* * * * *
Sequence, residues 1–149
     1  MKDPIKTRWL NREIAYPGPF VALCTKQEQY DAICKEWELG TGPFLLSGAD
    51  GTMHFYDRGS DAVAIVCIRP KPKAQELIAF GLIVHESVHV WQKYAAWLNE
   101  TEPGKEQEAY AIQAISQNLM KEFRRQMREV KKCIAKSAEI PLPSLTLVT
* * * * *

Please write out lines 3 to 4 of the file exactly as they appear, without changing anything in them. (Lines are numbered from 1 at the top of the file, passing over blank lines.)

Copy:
    51  GTMHFYDRGS DAVAIVCIRP KPKAQELIAF GLIVHESVHV WQKYAAWLNE
   101  TEPGKEQEAY AIQAISQNLM KEFRRQMREV KKCIAKSAEI PLPSLTLVT